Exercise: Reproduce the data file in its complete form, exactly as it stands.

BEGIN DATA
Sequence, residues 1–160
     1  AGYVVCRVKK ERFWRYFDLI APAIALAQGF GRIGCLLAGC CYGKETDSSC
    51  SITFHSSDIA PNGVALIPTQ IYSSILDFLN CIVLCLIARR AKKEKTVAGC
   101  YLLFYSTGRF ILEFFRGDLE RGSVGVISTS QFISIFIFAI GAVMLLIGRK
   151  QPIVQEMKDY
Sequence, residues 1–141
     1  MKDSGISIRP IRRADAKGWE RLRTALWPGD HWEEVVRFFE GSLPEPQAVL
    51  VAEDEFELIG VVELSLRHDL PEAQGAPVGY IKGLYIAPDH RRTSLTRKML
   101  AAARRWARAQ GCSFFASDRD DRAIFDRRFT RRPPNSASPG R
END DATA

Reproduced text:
Sequence, residues 1–160
     1  AGYVVCRVKK ERFWRYFDLI APAIALAQGF GRIGCLLAGC CYGKETDSSC
    51  SITFHSSDIA PNGVALIPTQ IYSSILDFLN CIVLCLIARR AKKEKTVAGC
   101  YLLFYSTGRF ILEFFRGDLE RGSVGVISTS QFISIFIFAI GAVMLLIGRK
   151  QPIVQEMKDY
Sequence, residues 1–141
     1  MKDSGISIRP IRRADAKGWE RLRTALWPGD HWEEVVRFFE GSLPEPQAVL
    51  VAEDEFELIG VVELSLRHDL PEAQGAPVGY IKGLYIAPDH RRTSLTRKML
   101  AAARRWARAQ GCSFFASDRD DRAIFDRRFT RRPPNSASPG R